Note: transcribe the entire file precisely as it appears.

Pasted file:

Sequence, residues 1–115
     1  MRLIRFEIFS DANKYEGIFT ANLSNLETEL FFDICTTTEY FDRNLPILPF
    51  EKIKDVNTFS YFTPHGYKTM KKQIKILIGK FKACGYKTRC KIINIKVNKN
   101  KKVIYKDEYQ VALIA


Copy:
Sequence, residues 1–115
     1  MRLIRFEIFS DANKYEGIFT ANLSNLETEL FFDICTTTEY FDRNLPILPF
    51  EKIKDVNTFS YFTPHGYKTM KKQIKILIGK FKACGYKTRC KIINIKVNKN
   101  KKVIYKDEYQ VALIA